WATCH ABOVE: Researchers at the University of Waterloo are testing whether the smartphone has, in some ways, replaced our brains. Reid Fiest explains.
You’ll spot a smartphone in any school hallway across Canada, but is smart technology making us dumb?
According to the findings of new research from the Univeristy of Waterloo, the convenience of having so much information at our fingertips has led to some of us becoming lackadaisical when we’re looking for answers or solving problems.
“What we find is that the lazier thinkers tend to be more prone to look things up on their smartphones,” said post-doctoral researcher Nathaniel Barr.
Barr and his fellow researchers surveyed 660 people across North America for a paper titled The brain in your pocket: Evidence that Smartphones are used to supplant thinking.
The study found that people who tend to go with their gut instincts, and who use their smartphones regularly, are more likely to use their devices to search for information that they may actually already know or could learn with little effort.
At the same time, analytical thinkers or people “who demonstrated stronger cognitive skills” avoided searching for answers on smartphones.
Global News spoke with students at Calgary’s SAIT Polytechnic, who admitted they often take the easy route thanks to having the technology in the palms of their hands.
“Yeah, I could be a lot smarter than I am,” said first-year SAIT Polytechnic Business student Sydney Schaeffler. “What’s the answer to this simple question? Oh, Google is right there.”
She and fellow student Madison Pidhorney admit their smartphone obsessions are affecting intelligence.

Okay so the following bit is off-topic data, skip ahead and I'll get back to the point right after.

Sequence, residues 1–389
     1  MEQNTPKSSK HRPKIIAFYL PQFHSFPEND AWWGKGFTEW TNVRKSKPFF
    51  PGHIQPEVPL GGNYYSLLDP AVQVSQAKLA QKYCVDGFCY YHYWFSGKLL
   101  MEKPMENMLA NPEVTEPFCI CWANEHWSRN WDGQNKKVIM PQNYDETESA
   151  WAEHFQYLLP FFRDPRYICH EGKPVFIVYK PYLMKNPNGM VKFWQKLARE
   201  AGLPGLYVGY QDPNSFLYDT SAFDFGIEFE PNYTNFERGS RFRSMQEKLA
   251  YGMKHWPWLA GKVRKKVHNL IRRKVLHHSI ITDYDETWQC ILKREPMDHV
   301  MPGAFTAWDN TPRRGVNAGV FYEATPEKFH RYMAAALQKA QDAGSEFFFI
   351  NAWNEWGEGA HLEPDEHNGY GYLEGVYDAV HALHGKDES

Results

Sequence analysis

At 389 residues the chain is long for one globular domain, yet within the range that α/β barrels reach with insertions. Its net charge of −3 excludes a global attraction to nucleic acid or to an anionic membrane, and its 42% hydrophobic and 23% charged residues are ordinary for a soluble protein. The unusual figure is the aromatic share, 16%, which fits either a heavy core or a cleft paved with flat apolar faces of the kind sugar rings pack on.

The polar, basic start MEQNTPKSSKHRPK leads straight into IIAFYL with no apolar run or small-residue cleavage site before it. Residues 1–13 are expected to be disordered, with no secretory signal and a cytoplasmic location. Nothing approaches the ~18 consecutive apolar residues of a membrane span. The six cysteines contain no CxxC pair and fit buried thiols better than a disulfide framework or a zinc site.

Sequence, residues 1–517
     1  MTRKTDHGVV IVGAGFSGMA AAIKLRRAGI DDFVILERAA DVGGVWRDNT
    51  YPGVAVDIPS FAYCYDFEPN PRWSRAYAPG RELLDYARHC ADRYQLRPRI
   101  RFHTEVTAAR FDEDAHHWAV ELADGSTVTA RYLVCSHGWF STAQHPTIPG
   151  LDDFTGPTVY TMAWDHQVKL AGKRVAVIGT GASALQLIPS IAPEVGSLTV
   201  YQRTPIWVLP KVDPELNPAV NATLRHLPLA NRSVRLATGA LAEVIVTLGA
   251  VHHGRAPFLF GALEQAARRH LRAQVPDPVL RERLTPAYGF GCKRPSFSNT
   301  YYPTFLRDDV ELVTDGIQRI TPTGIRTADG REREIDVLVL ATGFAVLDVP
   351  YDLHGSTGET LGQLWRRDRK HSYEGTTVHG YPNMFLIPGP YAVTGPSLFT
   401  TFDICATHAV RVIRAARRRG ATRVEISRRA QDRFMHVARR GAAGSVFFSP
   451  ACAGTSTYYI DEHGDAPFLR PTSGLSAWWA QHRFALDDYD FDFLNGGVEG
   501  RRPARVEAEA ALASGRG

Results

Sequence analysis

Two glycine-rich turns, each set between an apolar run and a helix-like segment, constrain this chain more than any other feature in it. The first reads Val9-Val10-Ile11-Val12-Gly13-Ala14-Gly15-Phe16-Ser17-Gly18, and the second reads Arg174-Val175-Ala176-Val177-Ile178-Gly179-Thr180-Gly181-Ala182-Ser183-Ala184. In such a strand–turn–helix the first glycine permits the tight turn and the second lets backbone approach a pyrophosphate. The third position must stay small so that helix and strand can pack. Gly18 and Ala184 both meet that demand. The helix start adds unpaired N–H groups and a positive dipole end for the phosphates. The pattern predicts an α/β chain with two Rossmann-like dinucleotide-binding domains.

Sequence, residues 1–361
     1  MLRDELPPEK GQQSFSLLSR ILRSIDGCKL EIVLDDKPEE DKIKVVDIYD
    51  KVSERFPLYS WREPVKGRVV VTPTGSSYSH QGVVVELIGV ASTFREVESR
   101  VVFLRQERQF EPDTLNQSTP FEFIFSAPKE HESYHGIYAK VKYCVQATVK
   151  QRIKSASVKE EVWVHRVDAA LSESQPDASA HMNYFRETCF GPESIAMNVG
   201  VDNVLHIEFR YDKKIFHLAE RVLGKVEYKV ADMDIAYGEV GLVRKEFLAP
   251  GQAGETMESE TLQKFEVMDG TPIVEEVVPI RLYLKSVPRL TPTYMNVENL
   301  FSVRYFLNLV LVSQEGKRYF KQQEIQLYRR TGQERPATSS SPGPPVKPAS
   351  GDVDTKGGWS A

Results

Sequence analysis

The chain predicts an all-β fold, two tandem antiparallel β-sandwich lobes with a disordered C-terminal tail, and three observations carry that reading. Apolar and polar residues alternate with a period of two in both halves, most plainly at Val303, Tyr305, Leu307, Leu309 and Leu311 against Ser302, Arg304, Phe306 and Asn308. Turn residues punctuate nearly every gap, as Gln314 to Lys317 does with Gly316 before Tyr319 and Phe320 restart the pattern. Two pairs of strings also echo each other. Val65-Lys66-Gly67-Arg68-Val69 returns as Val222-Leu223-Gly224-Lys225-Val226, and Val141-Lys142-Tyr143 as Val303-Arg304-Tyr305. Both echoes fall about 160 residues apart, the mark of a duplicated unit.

“The technology is getting higher and higher and it’s just kind of taking over our brains,” said Pidhorney. “We’re not really paying attention to what is going on around us, I can admit that.”
Calgary blogger Mike Morrison, who makes a living off of people reading his thoughts, agreed our phones could be having a negative effect.
“We’re just not being asked to think critically anymore,” Morrison said. “We’re not being asked to research anymore.”
But SAIT student Braydon Ross doesn’t think smartphones are all bad. He said people are still doing research, but in a different way than was customary in the past.
“Most students are using smartphones right now because it’s the general norm,” said Ross. “Everyone has one, everyone is using it, and it’s today’s new technology.”
Barr said more study is needed to determine if the devices are bad for long-term brain development, but he noted smartphones aren’t all bad.
The results of the University of Waterloo research were published in the journal Computers in Human Behaviour.